Janis Martin was one of the few female recording artists working in the male-dominated rockabilly field in the 1950s. Nicknamed “the female Elvis” for her dance moves, the Sutherland, Va. native, born in 1940, recorded a number of singles for RCA Victor and Pallette from 1956 to ’61. Her first single, “Will You Willyum” b/w “Drugstore Rock ’n’ Roll,” sold more than 750,000 copies, landing her national TV appearances. In 1960, her husband demanded she leave music. But she returned in the ’70s, and in 1995 made a guest appearance on Rosie Flores’ Rockabilly Filly album.
It’s here that the saga of Janis Martin’s farewell album, The Blanco Sessions, began. The Blanco Sessions, produced by Flores and Bobby Trimble, will be released on Cow Island Music on September 18, 2012.
Flores will bring The Blanco Sessions alive with a U.S. tour over the fall months during which she will perform music from the album as well as classics from Martin’s storied career.
According to Flores, “It was a dream come true when I finally met Janis Martin in 1994. She was so down-to-earth, upbeat, and it was like I’d known her forever. We promised to stay in touch and just a year later, she agreed to sing with me on my Rockabilly Filly CD. It was during the sessions for that album that I realized how amazingly seasoned her voice was, and I realized I had to get her back in the studio to make a new record. I had produced a few singers, and she would be the dream artist for me to work with. That began a journey that would take me over ten years to complete.”
In 2006, Flores left Los Angeles to return to Austin and found Trimble, an old friend from Big Sandy’s Fly-Rite Boys, living there too. Trimble found a stellar and amazing team of Austin musicians to back Martin up. And in April 2007, the whole band, Janis, and her husband Wayne, drove from Austin to Blanco, Texas where the sessions took place. They cut eleven songs in only two days.
Martin left the Blanco Sessions feeling that she had accomplished something really great, as she told Flores in a phone call that brought tears of joy to Flores’ eyes. But just a few weeks later, Flores received another call from her with the shocking news that she had been diagnosed with stage-four lung cancer. Martin passed away just four months later.
Janis Martin died leaving behind an enormous legacy and thousands of dedicated rockabilly fans who still mourn her passing. Since that sad day in 2007, her name has been praised with awards and accolades. In 2008 she was inducted as an outstanding woman into the Danville Museum of Fine Arts & History in her hometown of Danville, Virginia. In 2010, she was recognized by the Library of Virginia at its Virginia Women in History Celebration. She was also featured in the Beth Harrington-directed documentary Welcome to the Club — The Women of Rockabilly that was broadcast on PBS.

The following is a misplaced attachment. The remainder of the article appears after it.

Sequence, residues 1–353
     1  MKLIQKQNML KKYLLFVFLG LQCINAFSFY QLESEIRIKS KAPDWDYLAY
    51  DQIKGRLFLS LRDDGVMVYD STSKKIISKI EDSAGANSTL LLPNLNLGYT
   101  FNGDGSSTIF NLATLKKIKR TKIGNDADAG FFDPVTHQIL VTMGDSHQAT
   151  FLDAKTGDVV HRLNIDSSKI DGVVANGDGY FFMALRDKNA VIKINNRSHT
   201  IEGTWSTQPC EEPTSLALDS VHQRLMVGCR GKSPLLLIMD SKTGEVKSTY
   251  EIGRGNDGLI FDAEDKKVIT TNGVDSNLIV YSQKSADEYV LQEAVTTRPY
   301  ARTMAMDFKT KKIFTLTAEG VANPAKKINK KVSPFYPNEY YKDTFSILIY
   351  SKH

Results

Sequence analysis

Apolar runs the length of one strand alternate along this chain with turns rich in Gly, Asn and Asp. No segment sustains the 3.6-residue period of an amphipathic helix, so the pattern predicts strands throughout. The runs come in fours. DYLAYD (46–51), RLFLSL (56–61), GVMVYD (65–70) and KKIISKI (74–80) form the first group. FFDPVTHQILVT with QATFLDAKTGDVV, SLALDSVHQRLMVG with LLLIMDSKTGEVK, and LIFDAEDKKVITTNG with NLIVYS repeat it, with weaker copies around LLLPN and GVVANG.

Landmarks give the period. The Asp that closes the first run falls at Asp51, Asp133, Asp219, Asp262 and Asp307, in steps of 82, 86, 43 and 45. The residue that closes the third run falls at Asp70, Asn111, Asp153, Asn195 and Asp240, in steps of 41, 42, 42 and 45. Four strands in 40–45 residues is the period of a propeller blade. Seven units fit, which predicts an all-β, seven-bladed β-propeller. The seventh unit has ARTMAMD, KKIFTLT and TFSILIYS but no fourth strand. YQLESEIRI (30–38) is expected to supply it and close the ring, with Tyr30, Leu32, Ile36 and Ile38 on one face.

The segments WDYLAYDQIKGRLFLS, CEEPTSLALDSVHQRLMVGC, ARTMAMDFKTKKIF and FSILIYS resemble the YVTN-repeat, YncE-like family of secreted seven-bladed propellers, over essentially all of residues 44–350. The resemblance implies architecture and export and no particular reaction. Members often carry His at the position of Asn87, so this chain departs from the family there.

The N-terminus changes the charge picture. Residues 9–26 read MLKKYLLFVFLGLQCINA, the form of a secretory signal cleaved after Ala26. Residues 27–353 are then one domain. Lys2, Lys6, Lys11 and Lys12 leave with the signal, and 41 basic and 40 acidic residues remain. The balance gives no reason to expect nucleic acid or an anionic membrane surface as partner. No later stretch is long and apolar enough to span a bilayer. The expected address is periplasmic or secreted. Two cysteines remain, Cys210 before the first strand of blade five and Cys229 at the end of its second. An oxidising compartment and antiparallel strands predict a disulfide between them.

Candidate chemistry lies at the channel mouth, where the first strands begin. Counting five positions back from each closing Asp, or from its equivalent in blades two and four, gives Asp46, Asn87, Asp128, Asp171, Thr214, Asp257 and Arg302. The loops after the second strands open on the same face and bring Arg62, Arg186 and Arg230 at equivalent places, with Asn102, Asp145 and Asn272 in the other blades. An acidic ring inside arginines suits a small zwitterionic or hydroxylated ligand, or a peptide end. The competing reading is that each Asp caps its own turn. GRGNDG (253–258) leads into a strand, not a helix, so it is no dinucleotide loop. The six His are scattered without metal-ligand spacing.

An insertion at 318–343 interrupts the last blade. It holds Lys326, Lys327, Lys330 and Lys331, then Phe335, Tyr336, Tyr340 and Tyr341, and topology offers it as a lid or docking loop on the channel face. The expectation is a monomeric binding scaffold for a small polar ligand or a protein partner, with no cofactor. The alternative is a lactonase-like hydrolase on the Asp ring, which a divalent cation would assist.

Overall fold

Flores spent four years shopping the album around to numerous record labels. All were afraid to take the chance of releasing these recordings, mainly because Martin was no longer around to tour in support of the album. Finally Flores made the decision to release the album herself via Kickstarter. “Once I got the ball rolling Cow Island Music came on board as a partner in the release,” she explains. A total of 332 believers backed the Kickstarter program and Flores is duly grateful.
But mainly she is grateful to Janis Martin herself: “I thank the great Janis Martin up in rock ’n’ roll heaven for inspiring me to do this. I thank you for giving me the chance to help with your final recordings. I will see you again someday, and we’ll work on the next batch of songs! These final recordings are for all of those listeners out there who love your voice, your spirit, your heart, and your rock ’n’ roll soul.”
In addition to Janis Martin’s The Blanco Sessions, Rosie’s newest album, Working Girl's Guitar, will be released on Bloodshot Records. From her original composition of “Surf Demon #5” to George Harrison’s “While My Guitar Gently Weeps,” these tracks feature Flores as the only guitarist. The set was recorded in Minneapolis with the help of drummer and bassist of Brian Setzer, Noah Levy and Tommy Vee and finished in Austin, Texas — the home of Rosie Flores.